Nigeria Bans Banks From Forex Trading to Ease Dollar Woes
The Central Bank of Nigeria (CBN) is taking a very tough stance on the failure of banks to remit revenues due to the government. Nine banks operating in the country have been banned from participating in the inter-bank forex market because they held back $2.3 billion collectively from the government. The money in question was generated by national oil and gas companies – the Nigeria Liquified Natural Gas (NLNG) and the Nigerian National Petroleum Corporation (NNPC).
The United Bank for Nigeria owed $530 million to the treasury and the First Bank of Nigeria owed $469 million. Diamond Bank came a far third at $287 million with Sterling Bank close behind at $269 million. The other banks in this list are Skye Bank ($221 million), Fidelity Bank ($209 million), Keystone Bank ($139 million), First City Monument Bank ($125 million), and finally, Heritage Bank ($85.5 million). These banks are also likely to be fined by the government.
President Muhammadu Buhari’s government has also devised a new system for remittances while also putting strict deadlines in place, as part of its tough stance on the issue. The government of Nigeria has created a Treasury Single Account (TSA) into which all government funds are to be remitted. Previously, government agencies maintained individual accounts in banks. The TSA was instituted to bring about increased accountability in the collection and spending of government revenues. The high level of opacity has led to the mismanagement of funds to a very high degree.
While the banks in question admit to having withheld the funds from the government, they blame it on the unavailability of dollars in the country. The central bank has indeed instituted a full currency float recently in order to combat the drop in the naira’s value because of the fall in oil prices. However, its measures have been unable to help the economy and have actually repelled potential investors leading to a serious shortage of dollars. The country has had to face massive fuel shortages and a negligible economic growth rate. Inflation was at a 11-year high this June when it touched 16.5 percent.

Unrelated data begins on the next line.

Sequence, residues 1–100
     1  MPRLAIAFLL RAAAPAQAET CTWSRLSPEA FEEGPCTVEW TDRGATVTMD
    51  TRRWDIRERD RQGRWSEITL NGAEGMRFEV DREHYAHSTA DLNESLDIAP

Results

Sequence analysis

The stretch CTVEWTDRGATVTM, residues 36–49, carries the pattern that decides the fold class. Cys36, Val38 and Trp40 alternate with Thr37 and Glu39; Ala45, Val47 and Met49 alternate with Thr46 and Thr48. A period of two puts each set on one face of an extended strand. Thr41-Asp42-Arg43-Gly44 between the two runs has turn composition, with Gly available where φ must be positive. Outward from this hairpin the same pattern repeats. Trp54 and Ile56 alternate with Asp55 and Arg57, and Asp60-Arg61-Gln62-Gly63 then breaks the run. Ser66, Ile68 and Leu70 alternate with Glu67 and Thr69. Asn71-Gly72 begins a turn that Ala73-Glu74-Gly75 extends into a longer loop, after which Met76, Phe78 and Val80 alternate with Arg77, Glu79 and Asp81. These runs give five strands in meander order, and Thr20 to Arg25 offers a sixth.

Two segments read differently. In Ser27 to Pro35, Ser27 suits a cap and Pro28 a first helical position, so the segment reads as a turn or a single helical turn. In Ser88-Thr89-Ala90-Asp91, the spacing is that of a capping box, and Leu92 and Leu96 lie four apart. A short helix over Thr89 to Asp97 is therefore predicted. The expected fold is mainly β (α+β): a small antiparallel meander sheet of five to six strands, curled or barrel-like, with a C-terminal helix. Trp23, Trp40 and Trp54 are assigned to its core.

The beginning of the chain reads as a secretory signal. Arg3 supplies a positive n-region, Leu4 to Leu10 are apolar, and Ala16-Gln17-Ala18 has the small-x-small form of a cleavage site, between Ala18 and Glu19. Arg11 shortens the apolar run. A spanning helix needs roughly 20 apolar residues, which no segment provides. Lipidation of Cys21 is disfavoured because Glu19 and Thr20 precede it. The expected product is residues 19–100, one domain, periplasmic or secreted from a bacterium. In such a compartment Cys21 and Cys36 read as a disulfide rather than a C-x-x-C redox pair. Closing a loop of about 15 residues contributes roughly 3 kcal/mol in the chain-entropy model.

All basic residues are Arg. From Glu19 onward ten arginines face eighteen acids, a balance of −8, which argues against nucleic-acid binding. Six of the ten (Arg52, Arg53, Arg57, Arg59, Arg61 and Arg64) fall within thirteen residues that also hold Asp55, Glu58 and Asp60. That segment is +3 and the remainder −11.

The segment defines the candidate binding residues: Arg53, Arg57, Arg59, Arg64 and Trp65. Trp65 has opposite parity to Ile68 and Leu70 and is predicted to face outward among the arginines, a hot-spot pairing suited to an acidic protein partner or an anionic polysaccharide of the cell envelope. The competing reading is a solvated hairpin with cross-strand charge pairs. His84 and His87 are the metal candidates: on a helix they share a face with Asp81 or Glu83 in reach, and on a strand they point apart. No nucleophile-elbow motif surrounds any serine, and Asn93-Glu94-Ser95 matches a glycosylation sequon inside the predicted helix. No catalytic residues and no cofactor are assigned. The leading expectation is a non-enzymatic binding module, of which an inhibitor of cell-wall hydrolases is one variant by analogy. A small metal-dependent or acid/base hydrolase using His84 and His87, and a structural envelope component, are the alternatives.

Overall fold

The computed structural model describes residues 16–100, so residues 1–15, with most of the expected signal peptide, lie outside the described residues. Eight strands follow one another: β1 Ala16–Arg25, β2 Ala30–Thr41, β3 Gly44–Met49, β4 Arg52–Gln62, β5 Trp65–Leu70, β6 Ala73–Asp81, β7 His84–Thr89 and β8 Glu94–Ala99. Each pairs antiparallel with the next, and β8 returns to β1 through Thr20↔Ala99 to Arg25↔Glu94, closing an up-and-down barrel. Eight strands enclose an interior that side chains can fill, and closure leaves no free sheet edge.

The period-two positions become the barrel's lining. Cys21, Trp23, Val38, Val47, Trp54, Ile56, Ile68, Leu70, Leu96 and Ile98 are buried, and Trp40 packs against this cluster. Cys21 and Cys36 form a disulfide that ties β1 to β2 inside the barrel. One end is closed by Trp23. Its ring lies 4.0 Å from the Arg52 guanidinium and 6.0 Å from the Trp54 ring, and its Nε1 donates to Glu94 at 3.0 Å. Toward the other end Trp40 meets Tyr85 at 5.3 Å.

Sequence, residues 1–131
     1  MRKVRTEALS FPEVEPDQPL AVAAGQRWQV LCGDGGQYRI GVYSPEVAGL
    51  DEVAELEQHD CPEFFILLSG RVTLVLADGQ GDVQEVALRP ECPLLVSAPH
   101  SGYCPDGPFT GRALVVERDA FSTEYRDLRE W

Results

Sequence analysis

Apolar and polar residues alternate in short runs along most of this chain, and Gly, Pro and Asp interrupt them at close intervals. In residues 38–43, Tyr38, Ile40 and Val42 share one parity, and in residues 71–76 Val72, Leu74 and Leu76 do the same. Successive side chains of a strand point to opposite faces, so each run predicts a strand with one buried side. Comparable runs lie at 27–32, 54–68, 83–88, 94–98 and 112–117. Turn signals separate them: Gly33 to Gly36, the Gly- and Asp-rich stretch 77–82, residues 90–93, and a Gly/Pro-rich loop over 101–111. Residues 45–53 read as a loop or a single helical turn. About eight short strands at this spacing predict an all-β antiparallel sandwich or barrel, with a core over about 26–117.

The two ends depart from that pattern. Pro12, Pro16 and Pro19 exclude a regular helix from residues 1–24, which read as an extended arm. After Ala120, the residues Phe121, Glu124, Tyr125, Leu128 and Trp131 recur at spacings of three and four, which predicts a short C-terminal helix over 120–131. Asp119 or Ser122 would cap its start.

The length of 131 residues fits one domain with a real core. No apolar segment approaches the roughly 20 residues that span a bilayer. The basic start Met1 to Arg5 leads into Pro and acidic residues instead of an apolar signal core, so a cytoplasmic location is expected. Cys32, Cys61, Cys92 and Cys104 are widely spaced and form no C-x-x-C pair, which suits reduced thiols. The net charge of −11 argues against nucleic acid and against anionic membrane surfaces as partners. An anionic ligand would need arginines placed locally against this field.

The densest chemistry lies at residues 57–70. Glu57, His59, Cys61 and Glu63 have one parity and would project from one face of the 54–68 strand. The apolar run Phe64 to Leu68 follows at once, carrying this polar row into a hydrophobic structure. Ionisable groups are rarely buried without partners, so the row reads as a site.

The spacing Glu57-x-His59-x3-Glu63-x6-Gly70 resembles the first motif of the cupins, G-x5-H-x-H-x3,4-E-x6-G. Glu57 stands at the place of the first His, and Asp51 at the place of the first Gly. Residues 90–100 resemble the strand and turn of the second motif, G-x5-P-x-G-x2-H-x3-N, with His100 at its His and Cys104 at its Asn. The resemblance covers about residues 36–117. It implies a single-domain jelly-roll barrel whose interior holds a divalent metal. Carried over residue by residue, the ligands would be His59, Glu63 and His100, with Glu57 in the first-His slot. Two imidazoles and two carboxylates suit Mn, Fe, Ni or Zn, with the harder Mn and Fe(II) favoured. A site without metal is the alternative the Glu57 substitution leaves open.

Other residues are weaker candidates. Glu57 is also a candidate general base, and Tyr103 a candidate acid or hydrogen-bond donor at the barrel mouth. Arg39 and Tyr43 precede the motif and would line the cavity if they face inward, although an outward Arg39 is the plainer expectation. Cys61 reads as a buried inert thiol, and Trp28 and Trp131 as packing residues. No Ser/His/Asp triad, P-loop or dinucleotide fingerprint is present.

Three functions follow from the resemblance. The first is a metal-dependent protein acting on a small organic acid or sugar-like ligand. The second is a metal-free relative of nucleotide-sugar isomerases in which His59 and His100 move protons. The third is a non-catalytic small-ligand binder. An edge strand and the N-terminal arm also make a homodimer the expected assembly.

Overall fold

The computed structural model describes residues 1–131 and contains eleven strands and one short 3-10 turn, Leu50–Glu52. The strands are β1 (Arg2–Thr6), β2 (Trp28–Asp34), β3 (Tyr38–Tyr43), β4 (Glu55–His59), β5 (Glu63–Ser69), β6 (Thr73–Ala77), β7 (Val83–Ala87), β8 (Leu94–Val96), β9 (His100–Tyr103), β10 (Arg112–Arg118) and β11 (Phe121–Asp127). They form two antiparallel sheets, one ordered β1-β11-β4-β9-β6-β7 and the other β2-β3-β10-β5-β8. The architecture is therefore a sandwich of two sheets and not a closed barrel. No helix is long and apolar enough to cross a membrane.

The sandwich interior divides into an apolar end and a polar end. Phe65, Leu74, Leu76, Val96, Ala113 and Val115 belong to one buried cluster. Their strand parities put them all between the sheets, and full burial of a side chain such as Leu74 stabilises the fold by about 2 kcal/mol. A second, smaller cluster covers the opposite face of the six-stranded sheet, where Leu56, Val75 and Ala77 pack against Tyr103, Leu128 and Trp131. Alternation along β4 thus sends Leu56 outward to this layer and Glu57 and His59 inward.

The nine banks are in talks with the government to bring a quick resolution to the impasse since it has the potential to create unnecessary upheavals in the country’s financial system. There is a well-founded fear that the negative publicity might cause account holders to withdraw their money in a “run on the banks” causing them to collapse.
Diamond Bank executive Mike Omeife said that the bank was willing to pay the amount due to the government in naira, but the CBN insisted on receiving the money in dollars. Understandably, the banks are eager to remit the money so that they can resume operations in the inter-bank forex market.
As a matter of fact, United Bank of Africa had already cleared its dues to the treasury account. Furthermore, economists and industry experts are calling on the government to view this issue leniently so that the country’s embattled financial system doesn’t get disrupted any further.
Facts About the Treasury Single Account
The Treasury Single Account (TSA) is a public accounting system that uses a single account or a set of linked accounts by the government. It ensures all the revenue receipts and payments are done through something called as the Consolidated Revenue Account at the Central Bank of Nigeria.
The pilot scheme by TSA began in 2012. It used a unified structure of accounting for around 217 government MDAs for transparency and accountability in public fund management.
All the government MDAs always remit their revenue collections to the Consolidated Revenue Account via their individual commercial banks on a fee-for-service payment basis.